Dumpster Diving (aka 75 Years Later and The Depression Still Influences Me)

A friend who
went to my high school lives in London and told me before I came that I
would not believe what people throw out here. 

“At first, I was a bit embarrassed to grab the perfectly good furniture
and electronics and other stuff people would leave on the curb.  I
got over that fast!”

I didn't see much evidence of it before now but since spring's sprung
and semester's over, the streets are lined with people throwing out
what appear to be perfectly good, if a bit worn, chairs, shelves, futon
mattresses and more.  For instance, this is the dumpster behind
our building and if I knew they hadn't been rained on, one of those
chairs would probably be in my apartment right now.   Maybe that white kitchen stand too.

Unlike my friend, I have no such compunction about grabbing stuff. 
I think this comes from growing up in a province that's not too far
removed from the Depression and also, spending my formative years in rural
communities that seem to be much more conscious of waste than our urban
counterparts (I'm talking Calgary/Montreal/Toronto urban – not Regina/Saskatoon urban.) 

For example, my grandmother would make you feel guilty with a single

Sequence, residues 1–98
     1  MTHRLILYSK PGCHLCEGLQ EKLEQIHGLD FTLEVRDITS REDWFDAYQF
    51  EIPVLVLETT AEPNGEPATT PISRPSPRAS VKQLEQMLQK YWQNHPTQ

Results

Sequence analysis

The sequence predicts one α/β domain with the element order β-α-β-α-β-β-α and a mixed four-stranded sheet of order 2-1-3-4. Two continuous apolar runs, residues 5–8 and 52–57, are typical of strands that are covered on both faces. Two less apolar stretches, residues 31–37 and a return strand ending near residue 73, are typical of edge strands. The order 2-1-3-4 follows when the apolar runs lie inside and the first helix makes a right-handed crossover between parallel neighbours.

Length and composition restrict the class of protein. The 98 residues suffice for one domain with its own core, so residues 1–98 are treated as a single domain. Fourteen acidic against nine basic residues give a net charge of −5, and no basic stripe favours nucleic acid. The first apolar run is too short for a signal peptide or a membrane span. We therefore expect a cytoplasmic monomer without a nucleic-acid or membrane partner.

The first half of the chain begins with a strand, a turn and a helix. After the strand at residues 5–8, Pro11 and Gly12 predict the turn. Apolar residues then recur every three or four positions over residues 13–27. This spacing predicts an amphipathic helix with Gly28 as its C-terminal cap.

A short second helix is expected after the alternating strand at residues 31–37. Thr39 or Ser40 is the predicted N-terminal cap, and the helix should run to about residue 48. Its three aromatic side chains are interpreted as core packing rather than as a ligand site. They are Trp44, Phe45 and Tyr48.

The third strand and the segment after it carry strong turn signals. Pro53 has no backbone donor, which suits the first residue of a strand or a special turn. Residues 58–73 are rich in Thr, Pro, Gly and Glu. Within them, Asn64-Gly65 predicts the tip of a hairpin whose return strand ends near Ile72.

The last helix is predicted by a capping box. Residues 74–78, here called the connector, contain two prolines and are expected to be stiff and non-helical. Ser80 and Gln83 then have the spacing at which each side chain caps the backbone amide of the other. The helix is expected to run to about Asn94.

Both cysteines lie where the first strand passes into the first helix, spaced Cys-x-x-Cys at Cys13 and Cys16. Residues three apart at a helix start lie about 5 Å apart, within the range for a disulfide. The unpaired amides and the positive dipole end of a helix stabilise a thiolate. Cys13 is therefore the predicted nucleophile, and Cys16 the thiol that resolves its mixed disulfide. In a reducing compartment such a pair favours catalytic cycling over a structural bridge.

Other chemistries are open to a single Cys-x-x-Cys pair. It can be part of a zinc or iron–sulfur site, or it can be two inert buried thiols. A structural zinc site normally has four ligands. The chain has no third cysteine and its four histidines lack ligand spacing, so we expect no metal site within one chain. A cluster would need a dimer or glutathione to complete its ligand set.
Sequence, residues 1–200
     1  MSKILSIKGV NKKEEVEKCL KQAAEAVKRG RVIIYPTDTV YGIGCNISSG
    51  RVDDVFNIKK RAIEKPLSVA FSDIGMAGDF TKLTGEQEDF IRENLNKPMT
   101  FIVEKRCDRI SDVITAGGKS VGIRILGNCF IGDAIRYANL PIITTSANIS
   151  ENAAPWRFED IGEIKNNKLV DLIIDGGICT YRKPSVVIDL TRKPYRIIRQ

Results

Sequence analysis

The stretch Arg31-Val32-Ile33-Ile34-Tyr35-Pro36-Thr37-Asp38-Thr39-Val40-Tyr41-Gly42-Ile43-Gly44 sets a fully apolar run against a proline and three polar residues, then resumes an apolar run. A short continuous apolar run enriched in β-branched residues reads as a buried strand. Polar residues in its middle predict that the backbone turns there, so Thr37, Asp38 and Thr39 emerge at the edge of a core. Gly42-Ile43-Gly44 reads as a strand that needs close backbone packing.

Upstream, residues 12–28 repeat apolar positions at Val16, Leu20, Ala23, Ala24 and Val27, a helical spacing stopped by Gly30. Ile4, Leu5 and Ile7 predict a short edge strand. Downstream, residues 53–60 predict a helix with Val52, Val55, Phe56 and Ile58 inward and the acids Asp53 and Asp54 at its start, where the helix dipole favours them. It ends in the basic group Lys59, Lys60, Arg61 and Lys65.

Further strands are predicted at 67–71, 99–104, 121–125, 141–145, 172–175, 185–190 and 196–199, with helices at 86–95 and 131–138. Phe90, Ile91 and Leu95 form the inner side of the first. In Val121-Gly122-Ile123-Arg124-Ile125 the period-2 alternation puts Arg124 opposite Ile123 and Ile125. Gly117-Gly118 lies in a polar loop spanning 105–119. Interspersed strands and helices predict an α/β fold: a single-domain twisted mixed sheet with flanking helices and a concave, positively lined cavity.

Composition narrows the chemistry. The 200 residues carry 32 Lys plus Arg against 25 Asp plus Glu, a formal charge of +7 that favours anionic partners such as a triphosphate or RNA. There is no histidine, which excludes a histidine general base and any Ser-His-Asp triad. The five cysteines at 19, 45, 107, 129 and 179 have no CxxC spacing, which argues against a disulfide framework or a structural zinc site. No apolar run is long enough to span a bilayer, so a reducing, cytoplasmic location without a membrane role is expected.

glance if you didn't clean your plate. My
parents have drawers full of scraps of plastic and metal and nuts and
bolts and god knows what else “just in case we need them.”  Now,
I'm following in their footsteps myself in a variety of ways. 

When dad was here, we went to look at a bbq for
sale.  It was a piece of junk but we saw another one on a side
street one block away with a note “Working BBQ – Free!” taped to
it.  It looked to be in better shape than the one that the guy
wanted $30 for so we shoved it in the trunk of the car (“It's a
rental!”) and brought it home.  (It does work and I'm so happy
that I'll be able to BBQ this summer!)

Yesterday, I saw a TV stand/cabinet thing by the dumpster behind our
building and grabbed it too, crossing it off my list of things we want
for our house and saving $50 or $100 that a new one would cost at a
store or even secondhand.

Meanwhile, Ontario has major issues
with their garbage yet people continue to throw out more trash here
than anywhere I've seen.  Plus (and this was a major shock to me
when I arrived), they don't even have a deposit system so that you get
money back for returning bottles and cans.  People can still
recycle but I would imagine that without the cash incentive, it happens
a lot less. 

Some better ways to get rid of your unwanted stuff:
London Freecycle
UWO “Garage Sale” Listings
Any of the Various Businesses and Charities Listed On The London Green Directory (some offering pick-up)

I'm looking forward to the rest of the Spring.  Who knows what else I'll get! 

(Did I just admit to “Dumpster Diving” on a public forum?  Yikes!)

Comments 1

  1. Anonymous wrote:

    I am so coming over to your place for BBQ this summer.

    Posted 27 Apr 2006 at 7:16 pm

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